BTW there was much talk on this blog recently of the low case rate in India being due the the use of AYUSH in particular homeopathy – please note that India now has the second highest rate of daily cases IN THE WORLD having overtaken even BRAZIL! 161,000 odd cases per day and hospitals and ICUs being overwhelmed.
    Many hospitals are just dumping the dead bodies outside as they cannot cope with disposals.

    All of this is being reported to be as a result of the almost total relaxation of PPE/ distancing measures with large crowds congregating and mixing and folk abandoning masks and other precautions.

    https://www.cnbc.com/2021/04/12/coronavirus-india-becomes-second-worst-hit-country-as-covid-cases-surge.html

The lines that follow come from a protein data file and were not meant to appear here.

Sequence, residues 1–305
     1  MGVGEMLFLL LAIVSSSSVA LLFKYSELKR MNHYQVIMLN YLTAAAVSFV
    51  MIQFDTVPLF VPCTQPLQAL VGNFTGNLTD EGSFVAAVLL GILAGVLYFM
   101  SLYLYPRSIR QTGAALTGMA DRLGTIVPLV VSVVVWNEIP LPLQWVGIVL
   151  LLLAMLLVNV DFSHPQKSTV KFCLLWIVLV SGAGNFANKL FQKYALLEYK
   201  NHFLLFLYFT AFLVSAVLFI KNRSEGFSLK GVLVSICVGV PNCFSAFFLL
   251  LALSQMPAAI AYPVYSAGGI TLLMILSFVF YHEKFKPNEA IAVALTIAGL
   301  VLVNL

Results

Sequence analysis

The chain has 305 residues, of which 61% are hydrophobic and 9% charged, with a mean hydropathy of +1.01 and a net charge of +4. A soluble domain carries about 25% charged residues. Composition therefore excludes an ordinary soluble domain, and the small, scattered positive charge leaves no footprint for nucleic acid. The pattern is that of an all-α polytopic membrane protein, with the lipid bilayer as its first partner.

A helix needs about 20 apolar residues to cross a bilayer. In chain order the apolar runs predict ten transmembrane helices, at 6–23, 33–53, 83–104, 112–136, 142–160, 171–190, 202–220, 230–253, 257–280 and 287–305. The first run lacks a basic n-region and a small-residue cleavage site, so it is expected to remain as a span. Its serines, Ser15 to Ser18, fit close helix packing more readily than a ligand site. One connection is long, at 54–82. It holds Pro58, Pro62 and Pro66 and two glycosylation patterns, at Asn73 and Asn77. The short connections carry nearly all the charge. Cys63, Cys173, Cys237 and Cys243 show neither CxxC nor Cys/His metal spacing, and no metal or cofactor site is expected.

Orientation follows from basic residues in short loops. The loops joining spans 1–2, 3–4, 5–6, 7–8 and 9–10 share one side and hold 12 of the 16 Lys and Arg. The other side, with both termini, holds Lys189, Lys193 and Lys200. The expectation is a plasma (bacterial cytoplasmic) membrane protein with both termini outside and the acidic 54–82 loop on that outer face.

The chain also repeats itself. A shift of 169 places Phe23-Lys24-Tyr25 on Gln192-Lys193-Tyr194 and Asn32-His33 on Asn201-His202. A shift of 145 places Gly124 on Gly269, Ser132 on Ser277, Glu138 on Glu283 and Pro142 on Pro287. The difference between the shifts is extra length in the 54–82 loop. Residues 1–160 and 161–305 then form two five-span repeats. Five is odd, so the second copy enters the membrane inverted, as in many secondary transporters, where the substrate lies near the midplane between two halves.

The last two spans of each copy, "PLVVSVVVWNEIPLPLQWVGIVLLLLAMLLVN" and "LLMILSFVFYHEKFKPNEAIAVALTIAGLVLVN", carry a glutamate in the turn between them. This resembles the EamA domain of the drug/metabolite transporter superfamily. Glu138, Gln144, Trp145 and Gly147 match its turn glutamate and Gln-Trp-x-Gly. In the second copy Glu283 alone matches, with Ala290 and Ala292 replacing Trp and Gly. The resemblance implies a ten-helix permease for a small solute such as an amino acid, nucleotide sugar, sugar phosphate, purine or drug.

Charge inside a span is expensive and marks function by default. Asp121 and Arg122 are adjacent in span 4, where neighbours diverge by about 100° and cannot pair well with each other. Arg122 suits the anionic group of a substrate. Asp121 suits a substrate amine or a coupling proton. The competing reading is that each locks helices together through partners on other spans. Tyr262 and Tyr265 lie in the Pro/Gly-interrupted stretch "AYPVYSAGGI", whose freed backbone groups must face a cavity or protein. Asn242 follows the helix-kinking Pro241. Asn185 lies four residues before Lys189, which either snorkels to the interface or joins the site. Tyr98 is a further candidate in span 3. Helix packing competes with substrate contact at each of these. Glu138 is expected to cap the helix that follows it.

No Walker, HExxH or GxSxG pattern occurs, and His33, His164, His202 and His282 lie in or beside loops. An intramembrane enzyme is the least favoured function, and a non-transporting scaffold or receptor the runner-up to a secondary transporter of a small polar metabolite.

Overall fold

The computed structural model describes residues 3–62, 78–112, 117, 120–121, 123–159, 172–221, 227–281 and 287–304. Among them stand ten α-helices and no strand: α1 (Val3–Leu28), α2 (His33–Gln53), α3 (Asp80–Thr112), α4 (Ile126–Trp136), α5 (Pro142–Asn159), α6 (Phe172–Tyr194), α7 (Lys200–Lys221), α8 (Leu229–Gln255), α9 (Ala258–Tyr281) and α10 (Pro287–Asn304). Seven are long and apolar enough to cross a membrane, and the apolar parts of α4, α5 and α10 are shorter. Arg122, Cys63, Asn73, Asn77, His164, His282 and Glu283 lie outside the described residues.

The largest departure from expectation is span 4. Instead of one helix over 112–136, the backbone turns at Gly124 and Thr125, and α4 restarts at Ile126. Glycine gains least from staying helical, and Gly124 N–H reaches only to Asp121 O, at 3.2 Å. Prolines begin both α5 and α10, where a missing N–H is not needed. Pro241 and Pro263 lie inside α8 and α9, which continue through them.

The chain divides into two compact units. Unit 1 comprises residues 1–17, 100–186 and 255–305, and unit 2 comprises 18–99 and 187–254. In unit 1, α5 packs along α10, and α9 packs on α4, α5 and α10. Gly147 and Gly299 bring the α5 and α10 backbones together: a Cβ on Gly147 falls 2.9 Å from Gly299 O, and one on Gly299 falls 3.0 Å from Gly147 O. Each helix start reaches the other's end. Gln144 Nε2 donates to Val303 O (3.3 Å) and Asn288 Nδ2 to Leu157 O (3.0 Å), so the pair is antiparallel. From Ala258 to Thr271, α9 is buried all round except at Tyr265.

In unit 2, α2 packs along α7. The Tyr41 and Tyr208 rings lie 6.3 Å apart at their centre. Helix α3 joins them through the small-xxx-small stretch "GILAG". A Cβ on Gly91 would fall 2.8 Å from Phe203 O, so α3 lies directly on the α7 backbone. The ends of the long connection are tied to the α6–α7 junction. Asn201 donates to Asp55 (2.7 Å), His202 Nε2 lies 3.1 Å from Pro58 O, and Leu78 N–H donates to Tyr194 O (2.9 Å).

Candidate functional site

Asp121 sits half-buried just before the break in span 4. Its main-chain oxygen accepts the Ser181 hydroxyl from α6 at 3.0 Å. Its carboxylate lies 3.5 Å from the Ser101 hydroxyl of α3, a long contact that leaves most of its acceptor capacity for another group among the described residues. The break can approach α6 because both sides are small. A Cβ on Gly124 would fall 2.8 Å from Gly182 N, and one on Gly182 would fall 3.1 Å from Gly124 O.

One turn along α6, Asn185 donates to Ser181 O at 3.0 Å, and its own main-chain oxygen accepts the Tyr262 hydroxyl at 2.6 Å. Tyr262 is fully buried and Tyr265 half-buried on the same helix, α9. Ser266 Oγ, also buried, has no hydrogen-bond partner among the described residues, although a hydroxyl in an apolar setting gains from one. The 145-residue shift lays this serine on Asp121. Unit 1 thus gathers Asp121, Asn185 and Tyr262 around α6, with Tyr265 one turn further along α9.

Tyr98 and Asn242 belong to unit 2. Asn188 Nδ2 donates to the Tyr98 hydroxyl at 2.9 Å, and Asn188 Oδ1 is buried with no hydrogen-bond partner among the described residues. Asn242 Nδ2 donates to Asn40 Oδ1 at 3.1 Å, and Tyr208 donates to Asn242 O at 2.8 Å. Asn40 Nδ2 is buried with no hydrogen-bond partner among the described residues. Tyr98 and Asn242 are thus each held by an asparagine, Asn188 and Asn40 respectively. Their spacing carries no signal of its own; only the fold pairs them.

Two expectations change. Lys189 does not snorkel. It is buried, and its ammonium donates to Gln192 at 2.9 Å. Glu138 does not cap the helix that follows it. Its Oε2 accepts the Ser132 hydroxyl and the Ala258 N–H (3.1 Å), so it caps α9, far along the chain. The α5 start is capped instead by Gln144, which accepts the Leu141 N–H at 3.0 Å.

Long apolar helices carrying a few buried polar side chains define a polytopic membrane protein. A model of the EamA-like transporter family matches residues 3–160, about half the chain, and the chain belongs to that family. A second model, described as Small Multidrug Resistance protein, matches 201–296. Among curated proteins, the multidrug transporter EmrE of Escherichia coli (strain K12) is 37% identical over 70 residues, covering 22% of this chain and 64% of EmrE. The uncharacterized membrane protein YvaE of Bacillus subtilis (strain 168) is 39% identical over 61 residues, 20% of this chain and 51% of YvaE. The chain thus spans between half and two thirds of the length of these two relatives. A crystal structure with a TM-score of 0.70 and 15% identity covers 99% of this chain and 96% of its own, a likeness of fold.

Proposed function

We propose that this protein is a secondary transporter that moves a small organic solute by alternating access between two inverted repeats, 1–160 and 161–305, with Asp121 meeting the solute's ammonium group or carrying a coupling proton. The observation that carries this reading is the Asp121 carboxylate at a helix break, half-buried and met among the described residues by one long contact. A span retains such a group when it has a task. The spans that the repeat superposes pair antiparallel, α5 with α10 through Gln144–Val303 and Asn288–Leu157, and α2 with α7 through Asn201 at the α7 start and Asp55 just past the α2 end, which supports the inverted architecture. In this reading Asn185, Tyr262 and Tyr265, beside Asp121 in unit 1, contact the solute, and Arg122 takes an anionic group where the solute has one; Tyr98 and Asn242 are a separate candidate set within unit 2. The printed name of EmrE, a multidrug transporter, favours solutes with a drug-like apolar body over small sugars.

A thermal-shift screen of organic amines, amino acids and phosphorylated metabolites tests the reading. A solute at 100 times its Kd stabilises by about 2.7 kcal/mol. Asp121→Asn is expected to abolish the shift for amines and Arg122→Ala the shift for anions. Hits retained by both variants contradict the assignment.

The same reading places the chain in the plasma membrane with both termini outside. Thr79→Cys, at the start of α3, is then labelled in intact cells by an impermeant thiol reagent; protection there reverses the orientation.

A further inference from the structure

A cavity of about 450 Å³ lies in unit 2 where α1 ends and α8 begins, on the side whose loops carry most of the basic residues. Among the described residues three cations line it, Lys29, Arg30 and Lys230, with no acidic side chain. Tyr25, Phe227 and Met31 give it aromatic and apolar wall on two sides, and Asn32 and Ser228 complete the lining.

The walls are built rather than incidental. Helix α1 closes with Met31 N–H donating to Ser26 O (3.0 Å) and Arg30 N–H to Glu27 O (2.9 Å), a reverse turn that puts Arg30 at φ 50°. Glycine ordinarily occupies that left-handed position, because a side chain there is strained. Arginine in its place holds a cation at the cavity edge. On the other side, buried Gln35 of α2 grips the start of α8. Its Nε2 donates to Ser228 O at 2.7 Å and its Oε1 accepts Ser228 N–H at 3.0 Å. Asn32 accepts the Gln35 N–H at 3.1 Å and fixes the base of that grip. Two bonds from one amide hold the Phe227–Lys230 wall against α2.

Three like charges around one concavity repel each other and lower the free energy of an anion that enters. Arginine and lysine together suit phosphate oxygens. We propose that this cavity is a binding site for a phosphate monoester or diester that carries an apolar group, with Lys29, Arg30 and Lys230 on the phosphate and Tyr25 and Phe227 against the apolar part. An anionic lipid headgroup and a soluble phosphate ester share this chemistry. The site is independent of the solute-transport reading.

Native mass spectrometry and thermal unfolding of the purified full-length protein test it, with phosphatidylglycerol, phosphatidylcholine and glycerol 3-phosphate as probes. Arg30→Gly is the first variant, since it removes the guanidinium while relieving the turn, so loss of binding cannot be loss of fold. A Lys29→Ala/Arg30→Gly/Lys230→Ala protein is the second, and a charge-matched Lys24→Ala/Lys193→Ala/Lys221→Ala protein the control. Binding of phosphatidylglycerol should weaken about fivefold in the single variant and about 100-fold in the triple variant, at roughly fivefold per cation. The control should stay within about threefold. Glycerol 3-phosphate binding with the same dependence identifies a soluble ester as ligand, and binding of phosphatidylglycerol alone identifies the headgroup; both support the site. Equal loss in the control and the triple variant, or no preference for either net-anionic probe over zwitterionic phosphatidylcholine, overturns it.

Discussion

perhaps I KRISHNA can explain why homeopathy is no longer working so well?
    presumably they have also stopped taking the silly little pills as well……….

  • no clinical evidence was found to support or refute claims

    Is that enough to fix that part of the conclusion? 😉

    • @ prl

      it is very difficult is not impossible to prove a negative. e.g. my earlier comment about Bertrand Russel’s tiny teapot in orbit around the sun that is just too small to be seen by even the most powerful telescope……..

      but if the assertion is just too implausible and silly in the first place and in any event is unfalsifiable…..